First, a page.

1. Behavior plays a critical role in investing. In Checking your portfolio more frequently ensures you see more losses, we show that if an investor checks his portfolio daily, there is a 49% chance of seeing a negative return, whereas if he checks it annually, there is less than a 30% chance.  Since investors feel losses twice as much as they feel gains, checking their portfolio more frequently will cause them to believe markets are riskier than they really are.  The fact that the perception of riskiness seems to increase with the frequency of portfolio evaluation is known as myopic loss aversion.BONUS: Similarly, for advisors selecting managers, we wrote about how investors do not experience summary statistics.  This is important, as often portfolios are selected based on long-term investment statistics, but are experienced on a day-to-day basis.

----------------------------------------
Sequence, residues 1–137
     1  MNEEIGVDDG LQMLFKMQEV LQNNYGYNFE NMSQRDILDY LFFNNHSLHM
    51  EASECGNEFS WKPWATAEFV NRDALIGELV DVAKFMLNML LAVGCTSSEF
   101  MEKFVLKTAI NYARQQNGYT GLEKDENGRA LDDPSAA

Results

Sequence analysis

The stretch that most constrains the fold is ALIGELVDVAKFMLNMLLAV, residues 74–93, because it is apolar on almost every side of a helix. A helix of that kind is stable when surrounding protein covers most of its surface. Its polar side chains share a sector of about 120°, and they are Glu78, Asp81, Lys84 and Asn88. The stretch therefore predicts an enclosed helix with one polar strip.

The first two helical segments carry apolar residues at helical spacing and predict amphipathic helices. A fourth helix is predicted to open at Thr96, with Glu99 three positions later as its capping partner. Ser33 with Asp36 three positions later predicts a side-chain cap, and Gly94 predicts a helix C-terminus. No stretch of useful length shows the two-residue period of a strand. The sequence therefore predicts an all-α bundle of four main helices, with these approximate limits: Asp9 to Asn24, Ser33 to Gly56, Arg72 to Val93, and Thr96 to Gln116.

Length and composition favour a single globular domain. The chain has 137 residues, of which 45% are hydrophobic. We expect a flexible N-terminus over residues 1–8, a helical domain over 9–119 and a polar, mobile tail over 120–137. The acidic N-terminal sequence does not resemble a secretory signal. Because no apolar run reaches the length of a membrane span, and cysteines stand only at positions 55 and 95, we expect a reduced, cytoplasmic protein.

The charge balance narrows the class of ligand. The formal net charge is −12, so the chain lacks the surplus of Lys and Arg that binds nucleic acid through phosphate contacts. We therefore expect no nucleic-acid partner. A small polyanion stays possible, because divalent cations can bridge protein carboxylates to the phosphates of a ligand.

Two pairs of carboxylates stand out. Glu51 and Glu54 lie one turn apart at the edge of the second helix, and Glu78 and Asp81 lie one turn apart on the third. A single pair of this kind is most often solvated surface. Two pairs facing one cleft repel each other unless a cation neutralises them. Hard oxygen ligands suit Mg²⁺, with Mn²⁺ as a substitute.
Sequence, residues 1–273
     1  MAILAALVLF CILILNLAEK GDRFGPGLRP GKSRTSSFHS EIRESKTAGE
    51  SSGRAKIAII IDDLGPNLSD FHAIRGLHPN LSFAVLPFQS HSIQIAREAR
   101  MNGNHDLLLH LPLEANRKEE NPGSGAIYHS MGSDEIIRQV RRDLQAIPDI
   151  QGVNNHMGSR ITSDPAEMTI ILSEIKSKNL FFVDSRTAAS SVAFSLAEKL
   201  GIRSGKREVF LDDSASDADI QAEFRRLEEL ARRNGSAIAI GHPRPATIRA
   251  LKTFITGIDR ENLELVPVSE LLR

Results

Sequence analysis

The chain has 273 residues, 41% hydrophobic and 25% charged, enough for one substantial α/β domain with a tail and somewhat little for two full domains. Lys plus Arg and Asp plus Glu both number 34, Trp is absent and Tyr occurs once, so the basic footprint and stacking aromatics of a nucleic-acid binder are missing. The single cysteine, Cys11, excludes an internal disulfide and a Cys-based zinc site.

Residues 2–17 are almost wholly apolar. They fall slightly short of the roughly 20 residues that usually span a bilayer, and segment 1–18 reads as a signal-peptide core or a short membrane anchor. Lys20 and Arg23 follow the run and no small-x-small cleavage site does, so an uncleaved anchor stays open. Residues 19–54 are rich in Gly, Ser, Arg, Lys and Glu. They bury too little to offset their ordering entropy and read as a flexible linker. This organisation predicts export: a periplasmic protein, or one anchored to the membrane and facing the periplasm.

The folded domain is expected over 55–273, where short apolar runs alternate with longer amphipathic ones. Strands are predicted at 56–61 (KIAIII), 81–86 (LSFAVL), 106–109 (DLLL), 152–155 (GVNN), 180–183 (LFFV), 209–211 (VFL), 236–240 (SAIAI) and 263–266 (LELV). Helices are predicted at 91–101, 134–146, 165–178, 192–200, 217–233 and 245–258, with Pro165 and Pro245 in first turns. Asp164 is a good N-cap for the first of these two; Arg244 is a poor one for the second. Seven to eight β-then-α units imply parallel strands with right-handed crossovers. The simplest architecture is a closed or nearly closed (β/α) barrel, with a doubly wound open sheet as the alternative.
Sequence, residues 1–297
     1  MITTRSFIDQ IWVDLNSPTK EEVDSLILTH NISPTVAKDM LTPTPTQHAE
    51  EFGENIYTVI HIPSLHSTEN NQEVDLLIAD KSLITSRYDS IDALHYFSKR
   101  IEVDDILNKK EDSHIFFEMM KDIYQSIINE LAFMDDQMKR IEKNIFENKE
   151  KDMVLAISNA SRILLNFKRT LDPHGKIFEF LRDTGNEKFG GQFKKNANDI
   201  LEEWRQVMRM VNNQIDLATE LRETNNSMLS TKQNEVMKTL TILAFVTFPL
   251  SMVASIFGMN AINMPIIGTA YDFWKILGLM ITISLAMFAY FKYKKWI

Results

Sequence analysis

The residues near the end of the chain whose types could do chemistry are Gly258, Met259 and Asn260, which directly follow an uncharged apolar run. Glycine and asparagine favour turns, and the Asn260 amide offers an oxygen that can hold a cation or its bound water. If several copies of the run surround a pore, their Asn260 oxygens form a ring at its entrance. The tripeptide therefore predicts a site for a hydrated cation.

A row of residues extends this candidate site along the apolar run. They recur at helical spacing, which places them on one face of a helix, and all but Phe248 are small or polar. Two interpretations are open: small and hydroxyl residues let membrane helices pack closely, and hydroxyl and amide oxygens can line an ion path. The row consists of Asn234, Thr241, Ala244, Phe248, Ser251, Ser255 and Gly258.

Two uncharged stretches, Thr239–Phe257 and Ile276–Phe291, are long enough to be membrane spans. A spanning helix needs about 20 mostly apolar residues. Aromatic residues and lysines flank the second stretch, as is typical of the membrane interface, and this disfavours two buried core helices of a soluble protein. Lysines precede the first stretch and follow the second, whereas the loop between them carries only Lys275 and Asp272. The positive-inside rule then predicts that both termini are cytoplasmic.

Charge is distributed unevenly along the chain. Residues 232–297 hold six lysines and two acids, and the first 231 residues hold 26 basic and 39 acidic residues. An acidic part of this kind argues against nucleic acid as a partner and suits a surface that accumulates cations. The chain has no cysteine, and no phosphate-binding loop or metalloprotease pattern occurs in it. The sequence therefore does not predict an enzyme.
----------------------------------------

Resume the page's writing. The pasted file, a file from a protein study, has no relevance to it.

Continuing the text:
1. In Volatility: Good, Bad, or Indifferent we had a conversation with ourselves about the curious object that is volatility. We discuss how the statistical definition differs from the connotation of the word, how more volatility does not necessarily mean more risk, how higher volatility does not necessarily mean higher return, and how depending on your investment horizon, a more volatile asset class may be safer than a less volatile one.
  1. As markets tumbled in August, in Let’s Talk “Year-to-Date” we wrote about how measuring performance based on year-to-date performance can be entirely misleading, if not downright dangerous. Despite rolling performance numbers over every January, the investing game actually has a running score.  Using year-to-date returns as a yardstick for performance can lead investors to fall prey to the house money effect, a topic we wrote about for in Investors Beware the House Money Effect.